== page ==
Successful developing economies such as China and Vietnam, started their growth journey by prioritising agriculture. Increased agricultural productivity reduces imports, creates exports, and feeds the domestic demand for roti and kapra. The extra wages paid to agricultural labour are absorbed by the extra production of food and clothing, keeping inflation low. The PTI government followed a revolutionary policy of promoting housing rather than agriculture, which certainly gave employment, but when the newly employed construction workers spent their wages, it was not on housing but on roti and kapra, the supply of which did not increase. Pakistan fell into the classic inflation trap of more money chasing a constant or reduced supply of goods. Inflation was inevitable. Furthermore, whereas increased agricultural production reduces imports and even creates exports, you can’t export houses. The PTI priority on house construction certainly gives employment, but produces inflation instead of exports or import substitution, forcing Pakistan to borrow new loans to repay old, unsustainable debt, driving Pakistan towards bankruptcy.

The factors that influence the value of currency are inflation, interest rates, public debt, political stability, economic health, balance of trade, current account deficit and confidence. A tug-of-war for the value of the domestic currency pits the speculators against the State Bank, with the commercial banks in between. The main tools of the State Bank are money supply, interest rates and intervention, when the State Bank spends its scarce reserves on selling dollars and buying the weak rupee. Intervention has more often than not, resulted in reserves drying up before the currency collapse is turned around. Usually, a short-term upswing of the rupee on intervention soon falls back into its downward journey, and the only difference is that State Bank reserves have been eroded.

When central banks try to support the domestic currency against both fundamentals and sentiment, they usually lose out to reality, as finally the forces of gravity drive the domestic currency down. These situations create great profits for those who are not fooled by optimistic statements from government propaganda. The most famous currency speculator was George Soros, known as ‘The Man who broke the Bank of England,’ whose attacks laid low the currencies of UK (1991), Thailand (1997), and Japan (2013). In each case, Soros earned a billion dollars and in his attack on the British Pound, he is reputed to have made a billion dollars profit in one day. An investment of $1000 in 1969 with Soros, would have grown into $4 million by 2000. Economies are vulnerable to attacks when the exchange rate is overvalued and reserves are low. Central banks are frequently tempted to increase interest rates as a defence against attacks, despite conventional wisdom that it is futile to try to defend a highly overvalued currency by high interest rates.

pm imran launches low cost housing scheme in sargodha video 1618403505 7360 edited | Balance Sheet from Narratives Magazine
By prioritising housing over domestic output, PM Imran Khan has only exacerbated Pakistan’s currency mess.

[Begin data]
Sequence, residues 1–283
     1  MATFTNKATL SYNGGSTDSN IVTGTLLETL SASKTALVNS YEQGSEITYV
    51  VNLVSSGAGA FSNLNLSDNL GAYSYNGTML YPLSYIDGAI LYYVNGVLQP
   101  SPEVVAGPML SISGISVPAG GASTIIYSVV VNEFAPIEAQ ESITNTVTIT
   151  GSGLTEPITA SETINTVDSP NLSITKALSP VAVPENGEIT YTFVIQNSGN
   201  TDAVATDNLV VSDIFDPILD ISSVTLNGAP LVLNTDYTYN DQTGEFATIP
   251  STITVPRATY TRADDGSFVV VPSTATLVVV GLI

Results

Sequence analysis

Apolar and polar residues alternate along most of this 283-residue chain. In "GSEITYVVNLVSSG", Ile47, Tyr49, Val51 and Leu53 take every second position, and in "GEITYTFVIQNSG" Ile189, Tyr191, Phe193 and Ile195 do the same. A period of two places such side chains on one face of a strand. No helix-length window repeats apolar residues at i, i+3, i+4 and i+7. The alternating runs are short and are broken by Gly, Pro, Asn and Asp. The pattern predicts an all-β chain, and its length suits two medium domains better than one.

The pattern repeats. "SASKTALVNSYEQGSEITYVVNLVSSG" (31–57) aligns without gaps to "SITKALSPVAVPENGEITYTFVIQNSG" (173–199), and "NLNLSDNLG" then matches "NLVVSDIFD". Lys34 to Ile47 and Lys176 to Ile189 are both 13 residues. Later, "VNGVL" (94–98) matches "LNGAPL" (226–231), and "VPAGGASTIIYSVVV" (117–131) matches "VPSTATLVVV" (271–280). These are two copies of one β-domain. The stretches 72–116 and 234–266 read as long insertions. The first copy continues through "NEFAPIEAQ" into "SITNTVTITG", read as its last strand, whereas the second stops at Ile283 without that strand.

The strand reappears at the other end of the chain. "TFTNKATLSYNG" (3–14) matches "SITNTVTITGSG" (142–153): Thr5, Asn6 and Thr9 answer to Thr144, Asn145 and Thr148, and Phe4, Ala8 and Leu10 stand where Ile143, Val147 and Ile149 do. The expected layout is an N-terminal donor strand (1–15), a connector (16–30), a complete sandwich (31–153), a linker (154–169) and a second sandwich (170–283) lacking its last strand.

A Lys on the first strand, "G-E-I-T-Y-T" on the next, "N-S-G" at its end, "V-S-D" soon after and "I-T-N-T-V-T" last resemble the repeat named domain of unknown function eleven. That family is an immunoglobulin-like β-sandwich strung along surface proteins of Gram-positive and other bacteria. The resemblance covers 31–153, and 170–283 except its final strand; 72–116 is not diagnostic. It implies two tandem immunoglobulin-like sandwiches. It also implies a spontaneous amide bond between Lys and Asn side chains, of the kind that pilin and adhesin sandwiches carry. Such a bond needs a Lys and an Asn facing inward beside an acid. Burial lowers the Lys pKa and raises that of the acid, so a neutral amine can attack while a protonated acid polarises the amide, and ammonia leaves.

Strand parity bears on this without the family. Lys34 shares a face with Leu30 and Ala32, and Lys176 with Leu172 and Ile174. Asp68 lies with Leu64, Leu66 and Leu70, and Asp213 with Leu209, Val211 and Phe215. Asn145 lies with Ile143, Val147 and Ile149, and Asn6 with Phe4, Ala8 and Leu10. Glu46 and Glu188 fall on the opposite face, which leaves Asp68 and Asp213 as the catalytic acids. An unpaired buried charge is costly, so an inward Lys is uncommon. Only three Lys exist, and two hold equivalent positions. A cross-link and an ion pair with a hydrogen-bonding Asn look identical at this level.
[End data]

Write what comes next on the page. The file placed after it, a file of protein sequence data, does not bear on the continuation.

The PTI government promises that the fall of the rupee will be reversed when the IMF programme is restored. But the $1 billion expected from the IMF, and even the additional borrowing that Pakistan may be able to access on the confidence created by the restoration of the IMF programme, will not solve the $26 billion external financing requirements of the current year, when our monthly deficit is over $2 billion. If we can secure the extra debt required, it will only bury us deeper in the hole. It is not a solution, only a postponement of reality. The weak fundamentals of our economy remain unaltered — stagnant exports, growing imports, a growing illiterate and unskilled population, bad governance with bad policies followed by bad implementation, populist politics with payout way beyond productivity increases, a foreign policy that only creates a greater requirement for defence expenditures, and an ever-growing debt. Direct Foreign Investment (DFI), which has proved to be a real solution for countries such as Singapore, Malaysia, Vietnam and even China, has been frightened off by the growing religious extremism that increases political instability in Pakistan. Additionally, investors are warned off by the example of Reko Diq and the lack of pro-business policies or environment.

Today it takes 180 rupees to buy a dollar, what will the rupee be worth in 2022? Conservative forecasters expect Rupees 200 to a dollar by the year end, but if the government’s economic policy continues to disappoint, the rupee could even dip to a range of 220–240 to a dollar. Meanwhile the domestic purchasing power of the rupee will continue to erode, with the current inflation rate of 12 percent, perhaps rising to 15 percent. National debt, both foreign and domestic, would mount as we borrow from Peter to pay Paul.

Ali Mahmood edited | Balance Sheet from Narratives Magazine
Ali Mahmood
The writer is a businessman and the author of three books including Muslims: The Real History.
Ali Mahmood
The writer is a businessman and the author of three books — Muslims: The Real History, Saints and Sinners and the forthcoming, Enter the Dragon